Conversely. these two groups of maltreated children differ in the positive versus negative valence of their self-views. and nonmaltreated children. were also found to represent others as hurt. 1989. that whereas the physically abused children had high levels of negative self-representations. Social and behavioral problems. 1981). although confronted with parenting dysfunction. and were more socially isolated than abused and nonmaltreated children (Cam- ras & Rappaport. and nonmaltreated preschoolers into the laboratory to ob- serve peer interactions.L. abused. physically abused children.. abused-and-ne- glected. Wolfe / Child Abuse & Neglect 26 (2002) 679 – 695 Cicchetti. For example. Toth et al. The early social development of neglected children is also compromised in a manner suggestive of poor social adaptation. Erickson et al. 1984). 2001). it may well be that physically abused children are more likely to develop some sense of the self as positive. The fact that the neglected children have the restricted positive self- representations is consistent with the reality of these children’s lives. Neglected preschoolers are also more uncooperative and noncompli- ant than nonmaltreated children but. Emotionally neglected infants’ participation in feeding and play situations declines considerably between 3 and 6 months of age (Egeland & Sroufe. & Gerber. Macfie. Waldinger.. 1991. Toth. Hoffman-Plotkin & Twentyman. 2000. 2001). they are typically less so than physically abused . again. Cicchetti. sad. the neglected children had low levels of positive self-representation. neglected children engaged in fewer social interactions with other children. or traumatizing care that they have experienced often leaves them with models of themselves as unworthy of love and others as unavailable or rejecting. D. in particular. Although neglected preschoolers tend to be more aggressive than nonmaltreated children (Bousha & Twentyman. 192–193). 1984). Maughan. however. The unresponsive. in which they most likely receive minimal attention to their basis needs. Thus. whereas neglected children have far fewer opportunities to do so” (pp. 1993. (1997) remark: “. by their physically abusive parents. may experience periods during which they are responded to. the neglect that they experience may impede their overall development of self. insensitive. 1984. Hildyard. Toth. Neglected children seem to have particularly restricted positive views of the self. 1997. . . Hoffman-Plotkin & Twentyman. possibly even positively. the narratives of maltreated children contained more negative maternal representations and more negative self-representations than the nonmaltreated children. Macfie. They also found. Neglected children tended to be more isolated during free play with their siblings and more passive and withdrawn with their mothers than children in the other groups.684 K. As Toth et al. Neglected children. a recent investigation found that physically abused and neglected preschoolers tend to represent the self as angry and opposing others more often than nonmaltreated children (Waldinger et al. Crittenden (1992) brought neglected. & Vanmeenen. & Emde. Erickson et al. neglected children tend to be socially withdrawn. Haskett & Kistner. In essence. In the preschool years. as characterized by social withdrawal and few positive interactions with peers. 1992. as expected. sexually abused.. For example. marginally maltreated. were more avoidant in their interactions. In a related study involving preschool and daycare settings. 1989). or anxious more often than physically abused.A. (1997) used narrative story stems to examine the maternal and self-representations of maltreated preschoolers and found that. they are less aggressive than their physically abused counterparts (Crittenden.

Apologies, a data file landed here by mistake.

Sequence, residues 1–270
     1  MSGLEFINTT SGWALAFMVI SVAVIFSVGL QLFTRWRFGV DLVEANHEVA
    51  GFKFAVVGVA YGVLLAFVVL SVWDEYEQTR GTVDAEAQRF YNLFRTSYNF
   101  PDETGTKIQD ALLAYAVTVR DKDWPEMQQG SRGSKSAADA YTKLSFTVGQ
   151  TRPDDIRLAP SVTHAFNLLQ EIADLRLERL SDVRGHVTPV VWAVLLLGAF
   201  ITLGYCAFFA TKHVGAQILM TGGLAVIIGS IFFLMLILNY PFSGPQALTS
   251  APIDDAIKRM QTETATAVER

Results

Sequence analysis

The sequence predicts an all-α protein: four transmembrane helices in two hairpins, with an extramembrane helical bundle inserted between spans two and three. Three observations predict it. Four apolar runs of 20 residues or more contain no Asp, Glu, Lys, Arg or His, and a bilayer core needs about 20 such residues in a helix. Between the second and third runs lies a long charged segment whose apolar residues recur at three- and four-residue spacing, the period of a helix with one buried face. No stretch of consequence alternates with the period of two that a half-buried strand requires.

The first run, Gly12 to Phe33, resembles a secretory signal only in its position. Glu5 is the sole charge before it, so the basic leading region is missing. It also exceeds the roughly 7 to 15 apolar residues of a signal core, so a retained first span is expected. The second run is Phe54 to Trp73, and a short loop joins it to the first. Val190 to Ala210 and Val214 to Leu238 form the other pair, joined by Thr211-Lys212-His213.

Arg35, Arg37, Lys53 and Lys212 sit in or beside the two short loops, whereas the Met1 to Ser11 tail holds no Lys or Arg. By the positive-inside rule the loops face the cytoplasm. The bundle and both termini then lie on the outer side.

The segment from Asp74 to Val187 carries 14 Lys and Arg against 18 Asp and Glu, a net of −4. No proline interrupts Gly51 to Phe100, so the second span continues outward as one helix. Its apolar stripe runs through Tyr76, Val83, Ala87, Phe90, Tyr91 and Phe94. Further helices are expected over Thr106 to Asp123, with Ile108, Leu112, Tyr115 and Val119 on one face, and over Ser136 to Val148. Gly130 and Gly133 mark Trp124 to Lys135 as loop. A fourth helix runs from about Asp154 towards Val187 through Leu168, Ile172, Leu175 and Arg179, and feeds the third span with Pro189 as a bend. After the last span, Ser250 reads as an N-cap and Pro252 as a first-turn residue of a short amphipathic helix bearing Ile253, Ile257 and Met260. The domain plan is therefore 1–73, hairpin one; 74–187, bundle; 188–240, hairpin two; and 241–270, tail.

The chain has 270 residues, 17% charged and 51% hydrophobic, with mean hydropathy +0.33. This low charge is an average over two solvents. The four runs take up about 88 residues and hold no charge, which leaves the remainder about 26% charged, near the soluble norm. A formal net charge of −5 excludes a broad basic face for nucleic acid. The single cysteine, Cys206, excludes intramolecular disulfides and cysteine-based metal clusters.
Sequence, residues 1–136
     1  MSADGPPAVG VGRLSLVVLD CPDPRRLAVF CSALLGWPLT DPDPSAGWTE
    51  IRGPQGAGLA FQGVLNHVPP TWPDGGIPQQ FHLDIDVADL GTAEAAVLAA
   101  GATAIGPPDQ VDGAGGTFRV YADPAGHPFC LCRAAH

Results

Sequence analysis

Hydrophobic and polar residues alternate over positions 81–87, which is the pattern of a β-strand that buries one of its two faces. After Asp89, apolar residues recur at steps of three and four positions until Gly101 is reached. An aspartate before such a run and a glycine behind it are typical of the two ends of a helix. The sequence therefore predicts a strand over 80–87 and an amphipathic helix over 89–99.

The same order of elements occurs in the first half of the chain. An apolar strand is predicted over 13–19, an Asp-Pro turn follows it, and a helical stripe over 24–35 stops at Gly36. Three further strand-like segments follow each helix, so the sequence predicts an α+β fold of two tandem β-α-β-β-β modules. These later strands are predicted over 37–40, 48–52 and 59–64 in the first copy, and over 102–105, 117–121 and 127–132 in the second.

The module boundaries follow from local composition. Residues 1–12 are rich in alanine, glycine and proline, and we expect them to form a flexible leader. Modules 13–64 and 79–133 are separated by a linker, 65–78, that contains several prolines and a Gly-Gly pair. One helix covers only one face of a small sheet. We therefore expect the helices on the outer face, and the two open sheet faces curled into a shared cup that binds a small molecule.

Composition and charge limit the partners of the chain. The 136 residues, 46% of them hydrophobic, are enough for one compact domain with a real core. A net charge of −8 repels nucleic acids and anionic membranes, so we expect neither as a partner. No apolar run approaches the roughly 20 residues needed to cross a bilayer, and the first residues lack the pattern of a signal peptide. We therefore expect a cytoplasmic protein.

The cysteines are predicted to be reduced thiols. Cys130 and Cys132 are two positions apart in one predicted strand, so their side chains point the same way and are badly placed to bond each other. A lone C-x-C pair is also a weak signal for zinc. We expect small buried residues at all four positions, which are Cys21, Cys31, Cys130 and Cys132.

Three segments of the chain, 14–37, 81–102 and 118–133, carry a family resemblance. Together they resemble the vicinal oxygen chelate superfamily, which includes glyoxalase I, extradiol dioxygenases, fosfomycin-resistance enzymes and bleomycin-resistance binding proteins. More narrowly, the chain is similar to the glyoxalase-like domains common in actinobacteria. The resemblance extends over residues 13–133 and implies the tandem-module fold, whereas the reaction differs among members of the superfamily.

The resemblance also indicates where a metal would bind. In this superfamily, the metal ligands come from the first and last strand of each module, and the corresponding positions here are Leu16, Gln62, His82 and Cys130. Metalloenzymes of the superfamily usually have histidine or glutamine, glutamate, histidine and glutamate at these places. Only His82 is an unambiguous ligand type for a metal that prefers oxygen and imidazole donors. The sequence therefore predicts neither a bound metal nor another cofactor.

emotionally neglected infants show major declines in performance on the Bayley Scales of Infant Development. They also appear to have particularly poor coping abilities. Erickson et al. Such findings underscore the importance of emotional nurturance in the beginning stages of . The most striking feature about these children. & Toth. 1981). Only physical abuse. personality development. in particular.g. In a problem-solving task at 24 months of age. Hornung. D. clinginess. displaying the most negative affect and the least positive affect. in contrast.. Egeland et al. self-punishing behaviors. including cognitive and language problems. Cicchetti. Macfie. have more externalizing problems. 1983). They also did not demonstrate a sense of humor (Erickson et al.. 1983).. K. 1989. Other studies have failed to find an association between neglect and dissociation. 1992). Cicchetti. was the large number of pathological behaviors they exhibited (examples of behaviors included in the “pathology score” included tics. Neglected preschoolers are generally confused by the emotional displays of others and are less able to discriminate emotions than nonmaltreated and abused children (Pollack. and their attachment problems worsen dramatically.. was signifi- cantly associated with clinical levels of dissociation. and emotion regulation. When they find themselves in stressful situations. soiling accidents. Over the course of several months. neglected preschoolers tend to be more hopeless than physically abused children. sexually abused. and neglected children each demonstrated more dissociation than nonmaltreated children. 1983. Hildyard. phys- ically and emotionally neglected preschoolers often demonstrate notable problems in coping. neglected infants and preschoolers are distinguishable from abused children in several areas. Compared to their nonmaltreated and abused counterparts. Summary This review reaffirms and expands previous conclusions that child neglect has a pervasive. Moreover. Cicchetti. however. & Reed. who in turn tend to be more angry (Crittenden 1985. however. however (e.. Shields & Cicchetti. In the preschool setting. Emotional development. Macfie. stealing. Wolfe / Child Abuse & Neglect 26 (2002) 679 – 695 685 children (Bousha & Twentyman. The emotionally neglected children.. They also received the lowest ratings on agency (i.e. 2000). and present as dependent and unhappy. and fewer positive social inter- actions.. were also very dependent and negativistic (Egeland et al..L. 2001). The neglected children also received the lowest ratings on self-esteem and were observed to be the most unhappy group of children. 1989). and so forth). frequent physical complaints. Physically abused youngsters. including increased noncompliance and aggression towards adults and other children. the physically neglected children were observed to be the most dependent and to demonstrate the lowest ego control (Egeland et al. 1998).A. tantrums. Emotional neglect appears to be particularly detrimental in infancy. 1984. 1983). and Toth (in press) studied dissociation in a sample of maltreated and nonmaltreated preschoolers and found that physically abused. confidence and assertiveness in dealing with the environment) at 42 months of age (Egeland et al. physically neglected children participating in the Minnesota Mother-Child Project were found to have the poorest coping abilities of all the maltreatment groups (Egeland & Sroufe. negative impact on children’s early competence across major developmental dimensions. Neglected preschoolers may also show symptoms of dissociation.